The digestive properties of herbs are without doubt one of the main reasons they have been used in medicine since ancient times. And their taste and aroma usually fits very well into their purpose and use in different meals.
The big question is: Can herbs and spices help us fight overweight? Can they accelerate our metabolism and assist us in our weight loss efforts?
We do think they can, if we use them according to purpose, instead of as a panacea to indulge in unhealthy diets, and more as an aid to an existing practical knowledge of correct eating habits.
Green tea (Camellia sinensis): Thermogenic (Increases body heat). It is rich in a type of poly-phenols called catechins which have anti-inflammatory properties and stimulate the body to burn calories and decrease body fat. Lower blood pressure and lower LDL "bad" cholesterol are two among many other bonuses derived from drinking green tea regularly. In ayurveda medicine is custormary to sweeten your tea with honey, but wait until the tea has cooled off a bit. Some of honey's great properties get lost when exposed to high temperatures.
Fennel (Foeniculum vulgare): Boosts the metabolism and reduces hunger. It is excellent for digestion, reducing mucus and improving fat metabolism. Fennel detoxifies the system and lowers «bad» cholesterol. You can use most of the fennel plant to boost weight-loss. Chewing the seeds is a perfect snack, something that will curtail your normal appetite for simple carbohydrates. Eat the leaves and make a leaf or seed tea. Fennel helps the liver and pancreas in the metabolism of fats and sugars.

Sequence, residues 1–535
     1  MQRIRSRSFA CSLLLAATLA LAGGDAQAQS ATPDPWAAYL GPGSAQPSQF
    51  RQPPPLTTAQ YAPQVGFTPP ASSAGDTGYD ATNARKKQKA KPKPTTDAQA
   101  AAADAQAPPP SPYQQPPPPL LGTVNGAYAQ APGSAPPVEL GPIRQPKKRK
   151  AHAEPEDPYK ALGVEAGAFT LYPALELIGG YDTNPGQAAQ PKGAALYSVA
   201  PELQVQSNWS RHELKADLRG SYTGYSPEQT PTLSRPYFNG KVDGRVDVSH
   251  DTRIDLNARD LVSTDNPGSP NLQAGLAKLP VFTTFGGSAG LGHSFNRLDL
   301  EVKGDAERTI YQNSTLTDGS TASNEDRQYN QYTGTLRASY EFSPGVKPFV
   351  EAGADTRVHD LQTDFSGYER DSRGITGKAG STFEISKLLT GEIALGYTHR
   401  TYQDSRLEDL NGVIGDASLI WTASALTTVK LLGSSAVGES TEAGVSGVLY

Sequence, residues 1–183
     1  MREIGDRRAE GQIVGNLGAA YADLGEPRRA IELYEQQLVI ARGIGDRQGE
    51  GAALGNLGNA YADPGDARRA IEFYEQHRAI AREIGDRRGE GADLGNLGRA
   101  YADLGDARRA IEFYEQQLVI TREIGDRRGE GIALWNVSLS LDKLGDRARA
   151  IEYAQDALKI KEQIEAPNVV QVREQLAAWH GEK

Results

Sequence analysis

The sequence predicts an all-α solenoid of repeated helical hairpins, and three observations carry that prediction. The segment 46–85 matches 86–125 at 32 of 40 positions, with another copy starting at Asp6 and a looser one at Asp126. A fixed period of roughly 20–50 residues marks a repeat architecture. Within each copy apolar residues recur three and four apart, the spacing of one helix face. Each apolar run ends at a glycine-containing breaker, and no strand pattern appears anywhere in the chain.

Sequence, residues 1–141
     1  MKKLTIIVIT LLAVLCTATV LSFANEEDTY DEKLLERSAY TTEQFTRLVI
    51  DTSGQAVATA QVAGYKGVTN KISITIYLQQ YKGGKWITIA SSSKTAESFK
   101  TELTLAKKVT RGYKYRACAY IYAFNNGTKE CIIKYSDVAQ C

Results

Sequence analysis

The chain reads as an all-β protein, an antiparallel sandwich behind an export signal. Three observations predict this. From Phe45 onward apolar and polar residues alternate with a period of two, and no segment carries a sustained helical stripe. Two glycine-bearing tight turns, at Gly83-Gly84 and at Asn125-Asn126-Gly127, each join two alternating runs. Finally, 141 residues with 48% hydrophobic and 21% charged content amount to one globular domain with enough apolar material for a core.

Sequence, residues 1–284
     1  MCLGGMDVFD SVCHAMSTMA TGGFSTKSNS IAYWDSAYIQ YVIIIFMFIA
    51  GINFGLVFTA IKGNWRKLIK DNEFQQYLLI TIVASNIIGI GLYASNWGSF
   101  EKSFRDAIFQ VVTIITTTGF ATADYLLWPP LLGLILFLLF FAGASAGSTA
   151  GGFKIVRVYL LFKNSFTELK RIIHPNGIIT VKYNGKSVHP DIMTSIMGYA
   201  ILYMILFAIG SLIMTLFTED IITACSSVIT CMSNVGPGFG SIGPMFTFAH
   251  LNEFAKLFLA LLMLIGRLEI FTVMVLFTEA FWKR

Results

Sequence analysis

Cayenne pepper (Capsicum annuum): Improves the circulatory and digestive systems. Capsaicin, a main ingredient in cayenne pepper is a thermogenic chemical compound. It improves metabolic functions and helps decrease hunger. Due to the effect on the carbohydrates breakdown after a meal, cayenne may also be used to regulate blood sugar levels.
Cinnamon (Cinnamomum verum): Strong effect on blood glucose levels. This again affects how fat is used and stored. This is one great reason to use cinnamon in meals high in carbohydrates, e.g. sugar and flour, because it reduces the glycemic index of these foods by up to 30%. In studies run at The Beltsville Human Nutrition Research Center, cinnamon derivatives improved sugar metabolism in the body an amazing 20 times over the normal values.
Tarragon (Artemisia dracunculus): Improves liver function by rising bile production, making it an excellent digestive aid. It lowers blood sugar levels naturally, reducing insulin resistance (IR). This helps level the insulin glucagon ratio, so we use more fat for energy. It stimulates the uterus, so pregnant women should be careful with it.
Ginger (Zingiber officinale): Known mostly as an excellent medicine for motion sickness and gastrointestinal troubles, it also aids metabolism by improving digestive processes. It is known to balance appetite regulation, reducing hunger. A natural thermogenic and intestine anti-inflammatory, it inhibits low-density lipoproteins (LDL) in the liver.
Spices like rosemary, thyme, coriander, caraway, cumin, peppermint, marjoram, cardamom and anise are widely used in cooking. They are great digestive aids, rich in mineral, vitamins and have prodigious antioxidant properties, among many other balancing functions in the body.
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